AMONG the four major North American pro sports, only one team carries a regional banner - the New England Patriots, who play in Foxboro, Mass. The trend, however, is toward wider geographic identification.
In the last five years, baseball has added the Colorado Rockies and Florida Marlins, basketball the Minnesota Timberwolves, hockey the Florida Panthers, and football the Carolina Cougars, who begin play next season.
Altogether there are now 17 teams in the big four pro leagues whose metropolitan affiliations are obscured by their nominal state and regional identities. Mostly this is a case of casting a wider marketing net, tapping the natural geographic loyalties of people living beyond a single city's limits.
Certainly that was a strong motivation for the National Football League's Arizona Cardinals, who were the Phoenix Cardinals before this year. The team plays its games in Tempe, trains in Flagstaff, and broadcasts games in northern Arizona in the Navajo language.
This broad-brush approach also has its down side: Teams can appear in limbo, with no clear-cut roots. To grasp this point, consider this question: Where do baseball's Texas Rangers play their games? The guess here is that few out-of-staters can provide the correct answer, which is Arlington, situated between Dallas and Fort Worth.
TO celebrate the National Football League's 75th anniversary, teams have spent part of the season wearing old-looking uniforms. Practically all, however, incorporated one telltale modern sign - a large face guard on the helmet.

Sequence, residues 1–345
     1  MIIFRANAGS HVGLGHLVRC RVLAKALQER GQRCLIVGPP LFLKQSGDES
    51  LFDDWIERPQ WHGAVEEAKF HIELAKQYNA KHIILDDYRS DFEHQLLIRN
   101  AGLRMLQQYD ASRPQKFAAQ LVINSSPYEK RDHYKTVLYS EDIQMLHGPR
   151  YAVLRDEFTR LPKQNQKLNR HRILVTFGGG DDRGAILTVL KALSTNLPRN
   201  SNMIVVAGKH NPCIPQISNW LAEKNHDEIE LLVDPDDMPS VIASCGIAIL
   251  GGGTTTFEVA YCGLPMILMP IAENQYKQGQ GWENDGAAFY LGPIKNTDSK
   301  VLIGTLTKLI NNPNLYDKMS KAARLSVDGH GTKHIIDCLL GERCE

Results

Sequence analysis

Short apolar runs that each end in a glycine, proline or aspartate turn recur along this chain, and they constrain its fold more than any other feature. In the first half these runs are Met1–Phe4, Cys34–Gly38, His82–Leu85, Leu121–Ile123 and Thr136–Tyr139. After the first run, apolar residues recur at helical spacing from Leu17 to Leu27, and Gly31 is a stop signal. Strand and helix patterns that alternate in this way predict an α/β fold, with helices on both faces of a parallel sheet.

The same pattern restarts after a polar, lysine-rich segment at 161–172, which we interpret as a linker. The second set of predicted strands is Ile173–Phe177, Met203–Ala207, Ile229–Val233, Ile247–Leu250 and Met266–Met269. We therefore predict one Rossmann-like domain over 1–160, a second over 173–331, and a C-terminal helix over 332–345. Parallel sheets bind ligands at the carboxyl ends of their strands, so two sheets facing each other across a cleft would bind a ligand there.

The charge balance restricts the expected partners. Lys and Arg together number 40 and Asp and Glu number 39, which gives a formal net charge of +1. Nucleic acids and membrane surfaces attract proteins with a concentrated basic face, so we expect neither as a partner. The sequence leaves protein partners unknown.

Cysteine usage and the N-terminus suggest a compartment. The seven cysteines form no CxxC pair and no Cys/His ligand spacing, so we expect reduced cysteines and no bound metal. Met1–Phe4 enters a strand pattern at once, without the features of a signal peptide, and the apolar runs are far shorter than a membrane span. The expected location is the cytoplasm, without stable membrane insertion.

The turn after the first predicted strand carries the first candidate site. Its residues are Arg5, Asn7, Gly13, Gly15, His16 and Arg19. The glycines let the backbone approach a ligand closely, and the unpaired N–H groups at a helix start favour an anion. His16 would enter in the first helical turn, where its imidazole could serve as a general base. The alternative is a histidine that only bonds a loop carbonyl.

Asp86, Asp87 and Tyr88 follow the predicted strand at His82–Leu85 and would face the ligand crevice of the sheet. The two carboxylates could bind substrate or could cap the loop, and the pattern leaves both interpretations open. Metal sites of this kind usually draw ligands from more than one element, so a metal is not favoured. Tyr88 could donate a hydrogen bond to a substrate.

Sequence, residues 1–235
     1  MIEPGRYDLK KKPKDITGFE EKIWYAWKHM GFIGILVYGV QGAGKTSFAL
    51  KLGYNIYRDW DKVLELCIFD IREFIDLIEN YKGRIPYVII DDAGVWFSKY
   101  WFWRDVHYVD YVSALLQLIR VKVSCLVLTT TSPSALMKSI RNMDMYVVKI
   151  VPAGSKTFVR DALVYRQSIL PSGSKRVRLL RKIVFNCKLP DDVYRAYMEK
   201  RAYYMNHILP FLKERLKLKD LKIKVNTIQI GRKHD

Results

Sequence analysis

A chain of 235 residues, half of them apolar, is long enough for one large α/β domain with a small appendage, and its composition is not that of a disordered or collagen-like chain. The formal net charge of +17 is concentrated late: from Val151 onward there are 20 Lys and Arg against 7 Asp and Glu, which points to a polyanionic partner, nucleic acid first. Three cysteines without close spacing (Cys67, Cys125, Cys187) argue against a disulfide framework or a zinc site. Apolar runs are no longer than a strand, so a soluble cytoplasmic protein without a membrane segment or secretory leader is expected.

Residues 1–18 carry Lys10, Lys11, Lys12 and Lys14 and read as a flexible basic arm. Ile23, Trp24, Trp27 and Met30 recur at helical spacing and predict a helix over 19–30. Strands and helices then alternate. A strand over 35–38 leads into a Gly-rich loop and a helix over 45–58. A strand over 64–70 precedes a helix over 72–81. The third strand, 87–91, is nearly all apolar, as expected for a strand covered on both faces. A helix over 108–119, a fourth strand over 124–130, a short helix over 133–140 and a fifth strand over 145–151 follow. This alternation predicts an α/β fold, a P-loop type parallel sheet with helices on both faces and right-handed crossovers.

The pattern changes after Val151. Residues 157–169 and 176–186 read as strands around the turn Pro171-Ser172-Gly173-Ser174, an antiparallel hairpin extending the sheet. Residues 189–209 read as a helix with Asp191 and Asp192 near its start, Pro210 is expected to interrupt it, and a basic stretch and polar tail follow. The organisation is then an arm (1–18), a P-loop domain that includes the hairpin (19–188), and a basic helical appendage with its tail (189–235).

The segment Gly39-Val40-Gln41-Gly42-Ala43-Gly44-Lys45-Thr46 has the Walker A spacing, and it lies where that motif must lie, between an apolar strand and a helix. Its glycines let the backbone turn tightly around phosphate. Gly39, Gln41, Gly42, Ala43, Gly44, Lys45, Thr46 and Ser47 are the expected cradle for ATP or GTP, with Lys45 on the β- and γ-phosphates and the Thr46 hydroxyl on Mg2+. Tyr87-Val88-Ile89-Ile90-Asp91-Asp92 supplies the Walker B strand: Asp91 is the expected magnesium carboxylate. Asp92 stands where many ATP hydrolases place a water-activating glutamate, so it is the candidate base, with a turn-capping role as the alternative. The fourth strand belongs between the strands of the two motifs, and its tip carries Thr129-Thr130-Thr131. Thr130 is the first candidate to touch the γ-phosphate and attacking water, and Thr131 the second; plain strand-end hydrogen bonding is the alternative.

The guard has been partly a bane to the NFL, as it encourages players to use their heads indiscriminately, almost as weapons in some cases. Bucko Kilroy, a linemen in the 1950s and '60s, told Sports Illustrated that the face mask's introduction suddenly made a lot of players ``very brave.''
The league attempts to penalize those with battering-ram proclivities, but in these eyes, professional football has a long way to go.
Pros go to college
ONE of the most interesting developments in football this season is the growing number of former pro head coaches at the college level. Most don't seem eager to be recalled by the National Football League. Dan Henning at Boston College (formerly with the Atlanta Falcons and San Diego Chargers) told Sports Illustrated: ``In the pros you walk on eggs, worried about upsetting high-priced players.''
Others who have made the pro-to-college switch in recent years are:
* Bill Walsh, who went from the San Francisco 49ers to Stanford, with a stop in the broadcast booth.
* John Robinson, from the Los Angeles Rams to the University of Southern California.
* Gene Stallings, from the St. Louis Cardinals to the University of Alabama.
* John Mackovic, from the Kansas City Chiefs to the University of Texas.
* Joe Walton, from the New York Jets to Robert Morris College in Pennsylvania.
Lou Saban, who once coached O.J. Simpson with the Buffalo Bills, will build a program from scratch at Alfred State College in Alfred, N.Y., next season.
One coach who has gone in the opposite direction is Barry Switzer, the former University of Oklahoma coach, who gave up a career in business to take the Dallas Cowboys job. Switzer recently told the New York Times that serving as a surrogate father to college-age athletes can be a burdensome responsibility. ``There wasn't a day went by that one of 'em wasn't in my office with a crisis,'' he's quoted as saying.
Touching other bases
* Pop quiz: What is the the largest United States city without either a National Basketball Association or National Hockey League team?
* Larry Bird is, at least nominally, a member of the Boston Celtics' front office. He carries the title ``Special Assistant.'' A sportswriter who recently shared an elevator with Bird, however, doubts that the team's retired star does much in his new capacity. The tipoff? Neither he nor Bird knew which elevator button to press for the Celtic offices.
* Quiz answer: San Diego, which has lost two NBA franchises: the Rockets to Houston in 1971 and the Clippers to Los Angeles in 1984.